Kerkorian: Say Goodbye to Hollywood

He's closing in on a deal to sell the MGM studio because he can't make it the kind of powerhouse his casinos are on the Vegas Strip

By Ronald Grover

Legendary billionaire Kirk Kerkorian sure knows where the money is. The 87-year-old mogul, who got his start flying surplus Air Force planes after World War II, has made a fortune investing in -- and selling -- casinos, studios, and airlines. Now it's becoming increasingly clear that he intends to sell the MGM film studio for roughly $4.6 billion, including debt assumption, an almost certain indication that the savvy investor thinks the market for movies and TV shows has reached a high-water level.

The wily Kerkorian, who controls 74% of MGM (MGM ), may still take the studio off the market. He did it two years ago, when Time Warner (TWX ) refused to meet his price. But things are different this time, say those close to the deal. For one thing, even though talks are being handled by his trusted lieutenant, MGM Chairman and CEO Alex Yemenidjian, Kerkorian is more actively involved than he was then. Plus, two entertainment giants, Time Warner and Sony (SNE ), are competing to buy the studio.

It looks like Kerkorian will get his price. At $4.6 billion -- the number that Time Warner is offering -- MGM is valued at roughly 10 times cash flow, according to Merrill Lynch analyst Jessica Reif Cohen, which she calls "a full but fair valuation."


  Why is Kerkorian selling now, after holding on for so many unprofitable years? After all, he has sold and bought the studio back twice since he first purchased it in 1970. But this time, a sale is likely to be for good. Kerkorian has been boxed in, unable to expand the studio into the kind of world-beater that he and Yemenidjian envisioned in 1999 when Yemenidjian left Kerkorian's casino company to take over MGM.

With a library of more than 4,000 films, including such heavyweights as the James Bond series, MGM is the perfect company for the Digital Age and its multiple distribution outlets. Only one problem: MGM doesn't own any cable channels, TV networks, or broadband pipes. Yemenidjian and Kerkorian tried their darndest to change that, at various points approaching NBC (GE ) about a merger and talking with cable giant Comcast (CMCSA ).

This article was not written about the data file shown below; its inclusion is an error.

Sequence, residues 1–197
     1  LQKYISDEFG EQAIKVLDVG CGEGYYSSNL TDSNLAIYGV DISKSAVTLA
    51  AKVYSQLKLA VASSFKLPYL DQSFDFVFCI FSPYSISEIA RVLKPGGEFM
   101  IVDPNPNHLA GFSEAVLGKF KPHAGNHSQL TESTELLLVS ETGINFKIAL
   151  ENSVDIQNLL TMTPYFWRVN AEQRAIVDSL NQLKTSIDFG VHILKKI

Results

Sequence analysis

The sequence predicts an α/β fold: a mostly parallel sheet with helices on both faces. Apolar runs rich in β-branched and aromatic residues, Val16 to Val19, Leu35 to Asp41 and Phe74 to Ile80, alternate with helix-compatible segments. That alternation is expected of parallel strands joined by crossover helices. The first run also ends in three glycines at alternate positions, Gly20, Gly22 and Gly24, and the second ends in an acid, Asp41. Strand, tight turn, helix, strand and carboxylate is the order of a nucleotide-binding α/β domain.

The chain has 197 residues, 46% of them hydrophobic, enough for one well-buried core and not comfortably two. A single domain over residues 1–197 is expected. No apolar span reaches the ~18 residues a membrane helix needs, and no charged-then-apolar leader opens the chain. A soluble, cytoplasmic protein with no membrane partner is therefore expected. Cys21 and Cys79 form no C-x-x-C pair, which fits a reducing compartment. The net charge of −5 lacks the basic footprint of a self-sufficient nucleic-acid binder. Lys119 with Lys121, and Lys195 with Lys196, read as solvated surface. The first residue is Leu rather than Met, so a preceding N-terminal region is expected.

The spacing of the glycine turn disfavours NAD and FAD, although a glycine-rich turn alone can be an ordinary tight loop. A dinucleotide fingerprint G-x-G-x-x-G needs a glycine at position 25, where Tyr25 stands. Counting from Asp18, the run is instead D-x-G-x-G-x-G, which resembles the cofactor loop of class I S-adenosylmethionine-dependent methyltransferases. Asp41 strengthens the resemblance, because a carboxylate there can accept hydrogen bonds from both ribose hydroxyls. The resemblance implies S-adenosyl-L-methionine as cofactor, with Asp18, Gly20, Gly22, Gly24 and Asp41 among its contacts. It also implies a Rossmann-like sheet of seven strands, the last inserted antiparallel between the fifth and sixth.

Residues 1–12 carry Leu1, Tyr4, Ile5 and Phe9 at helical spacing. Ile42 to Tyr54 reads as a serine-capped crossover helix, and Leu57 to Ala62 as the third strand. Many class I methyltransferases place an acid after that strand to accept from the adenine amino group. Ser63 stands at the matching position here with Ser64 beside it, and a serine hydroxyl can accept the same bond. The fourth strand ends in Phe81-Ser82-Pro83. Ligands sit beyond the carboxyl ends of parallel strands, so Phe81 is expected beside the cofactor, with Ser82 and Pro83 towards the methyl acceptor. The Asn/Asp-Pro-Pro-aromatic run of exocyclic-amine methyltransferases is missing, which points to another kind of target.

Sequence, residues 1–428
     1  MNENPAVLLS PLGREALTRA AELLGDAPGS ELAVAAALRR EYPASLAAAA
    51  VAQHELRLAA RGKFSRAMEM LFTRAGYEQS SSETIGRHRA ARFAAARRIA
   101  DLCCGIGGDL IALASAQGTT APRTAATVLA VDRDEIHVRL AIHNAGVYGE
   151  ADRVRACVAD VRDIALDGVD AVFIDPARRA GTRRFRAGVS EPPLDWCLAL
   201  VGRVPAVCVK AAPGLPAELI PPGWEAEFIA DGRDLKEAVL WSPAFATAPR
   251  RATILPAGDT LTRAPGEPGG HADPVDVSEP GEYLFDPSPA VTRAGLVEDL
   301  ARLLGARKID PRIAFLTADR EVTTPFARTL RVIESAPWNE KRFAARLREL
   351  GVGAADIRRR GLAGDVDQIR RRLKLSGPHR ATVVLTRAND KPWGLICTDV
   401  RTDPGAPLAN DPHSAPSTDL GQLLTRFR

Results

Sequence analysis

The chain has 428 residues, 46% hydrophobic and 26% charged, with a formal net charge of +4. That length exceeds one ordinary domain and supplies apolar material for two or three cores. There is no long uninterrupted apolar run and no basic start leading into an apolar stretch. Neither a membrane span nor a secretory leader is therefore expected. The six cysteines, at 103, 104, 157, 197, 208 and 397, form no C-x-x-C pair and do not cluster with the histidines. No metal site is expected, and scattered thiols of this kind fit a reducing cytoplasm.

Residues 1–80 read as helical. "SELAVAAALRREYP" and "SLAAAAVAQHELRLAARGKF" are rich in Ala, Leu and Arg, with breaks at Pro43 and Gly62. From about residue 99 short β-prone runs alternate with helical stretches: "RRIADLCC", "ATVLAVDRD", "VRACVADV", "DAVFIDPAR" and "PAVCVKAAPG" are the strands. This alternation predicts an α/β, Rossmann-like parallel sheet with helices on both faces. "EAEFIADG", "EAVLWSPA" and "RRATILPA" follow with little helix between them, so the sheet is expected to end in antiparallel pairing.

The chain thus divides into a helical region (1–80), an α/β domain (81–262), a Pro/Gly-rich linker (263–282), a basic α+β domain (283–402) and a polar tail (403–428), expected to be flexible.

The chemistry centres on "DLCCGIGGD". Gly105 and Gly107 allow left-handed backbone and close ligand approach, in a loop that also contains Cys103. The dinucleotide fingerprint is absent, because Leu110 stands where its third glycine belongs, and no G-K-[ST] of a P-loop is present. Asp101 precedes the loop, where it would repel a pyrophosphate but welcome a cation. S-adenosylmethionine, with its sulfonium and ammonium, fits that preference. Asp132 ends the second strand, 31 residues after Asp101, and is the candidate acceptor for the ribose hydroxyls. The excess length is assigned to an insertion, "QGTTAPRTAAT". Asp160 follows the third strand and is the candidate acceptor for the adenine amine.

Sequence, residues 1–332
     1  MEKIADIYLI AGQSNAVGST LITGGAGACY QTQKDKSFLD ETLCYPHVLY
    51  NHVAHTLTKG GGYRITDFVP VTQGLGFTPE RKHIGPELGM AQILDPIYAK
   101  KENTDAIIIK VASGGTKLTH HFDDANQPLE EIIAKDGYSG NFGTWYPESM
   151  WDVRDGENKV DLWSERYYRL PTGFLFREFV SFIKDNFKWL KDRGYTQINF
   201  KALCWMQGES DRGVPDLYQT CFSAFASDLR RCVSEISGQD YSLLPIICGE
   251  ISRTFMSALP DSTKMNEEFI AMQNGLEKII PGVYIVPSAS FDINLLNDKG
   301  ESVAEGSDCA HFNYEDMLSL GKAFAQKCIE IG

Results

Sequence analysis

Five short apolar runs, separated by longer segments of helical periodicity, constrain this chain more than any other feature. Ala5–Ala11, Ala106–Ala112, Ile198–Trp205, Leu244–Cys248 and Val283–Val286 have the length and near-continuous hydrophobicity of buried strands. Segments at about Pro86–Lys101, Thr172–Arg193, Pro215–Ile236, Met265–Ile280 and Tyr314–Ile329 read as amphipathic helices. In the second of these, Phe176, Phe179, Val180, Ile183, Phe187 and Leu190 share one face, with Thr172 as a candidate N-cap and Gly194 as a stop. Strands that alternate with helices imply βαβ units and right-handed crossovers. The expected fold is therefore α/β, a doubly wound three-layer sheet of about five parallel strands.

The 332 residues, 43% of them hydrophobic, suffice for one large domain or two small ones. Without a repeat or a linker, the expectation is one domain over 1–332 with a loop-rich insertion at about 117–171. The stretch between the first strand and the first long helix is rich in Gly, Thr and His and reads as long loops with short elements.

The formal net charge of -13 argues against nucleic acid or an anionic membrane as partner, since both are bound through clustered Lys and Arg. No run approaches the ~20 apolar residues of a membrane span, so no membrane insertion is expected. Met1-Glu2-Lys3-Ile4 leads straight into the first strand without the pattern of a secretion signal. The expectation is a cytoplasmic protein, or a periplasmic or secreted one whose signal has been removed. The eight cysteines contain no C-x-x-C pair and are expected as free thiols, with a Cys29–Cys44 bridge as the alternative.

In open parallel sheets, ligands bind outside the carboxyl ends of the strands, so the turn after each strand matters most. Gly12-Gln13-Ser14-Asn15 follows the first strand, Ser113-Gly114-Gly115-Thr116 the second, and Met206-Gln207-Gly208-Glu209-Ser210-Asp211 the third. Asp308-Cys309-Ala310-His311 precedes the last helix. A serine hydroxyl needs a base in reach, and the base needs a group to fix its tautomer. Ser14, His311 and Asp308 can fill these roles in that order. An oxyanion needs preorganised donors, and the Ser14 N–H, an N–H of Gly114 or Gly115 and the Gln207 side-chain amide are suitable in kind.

Yemenidjian also trimmed overhead, reduced film budgets and eliminated debt, which positioned MGM for last year's $11.5 billion bid for Vivendi Universal -- a bold, last-ditch effort to become a supersize content company. But when Vivendi eventually decided to merge with General Electric-owned NBC, Kerkorian knew he had lost his final chance to turn MGM into a major Hollywood force, according to someone close to the negotiations.


  In Las Vegas, however, Kerkorian's fortunes are another story. His MGM Mirage (MGG ) is a bona fide powerhouse, with such major casinos as the Bellagio, MGM Grand, New York-New York, and the Mirage. This year, MGM Mirage, which also owns casinos in Detroit, South Africa, and Australia, will generate more than $356 million in net income, according to UBS Securities analyst Robin Farley, a 38% increase over 2003.

And with its pending $7.9 billion deal to buy Mandalay Resort Group (MGB ), MGM will control about half the Strip, where revenues are up some 16% over last year, says Farley. He has a buy recommendation on MGM Mirage, figuring its stock will jump to $60 a share within the next year from its current $42.60 or so. Even though Mandalay Bay reported second-quarter earnings on Sept. 2 that disappointed Wall Street, Farley figures its earnings will increase by 30% next year, driven by strong results at its Vegas properties.

Back in Hollywood, all that seems left for Kerkorian to do is crown the winner in the contest to buy his studio. In a way, it doesn't matter whether it's Time Warner or Sony. Either is likely close down MGM's filmmaking operation and ramp up the sale of its library, which Reif Cohen estimates will generate cash flow of $450 million in 2005. (MGM, Time Warner, and Sony all declined to comment for this story.)


  Most likely to succeed is Time Warner's $4.6 billion bid, even though Sony is expected to offer $4.8 billion, both all cash. There's some doubt that Sony can keep its two equity investors, Texas Pacific Group and Providence Equity Partners, in line to make an all-cash offer.

Time Warner altered an earlier bid, which would have paid Kerkorian roughly $2 billion in unregistered stock as part of the deal. Kerkorian had initially wanted the stock, say those close to the talks, because he thinks it's undervalued. Now, these sources say he's worried that growth in Time Warner's stock price could leave him open to lawsuits from other MGM shareholders, who will get cash for their shares.

With 174 million MGM shares, Kerkorian will walk away with around $2 billion in a cash deal. That's on top of the $1.4 billion he collected earlier this year when MGM declared a one-time dividend of $8 a share. Given that he has already investing some $3 billion in MGM over the last eight years, it's not a great score. But that's show biz. Besides, he seems to like the odds better in Vegas, where the house always seems to win.

Grover is BusinessWeek's Los Angeles bureau chief

Edited by Patricia O'Connell

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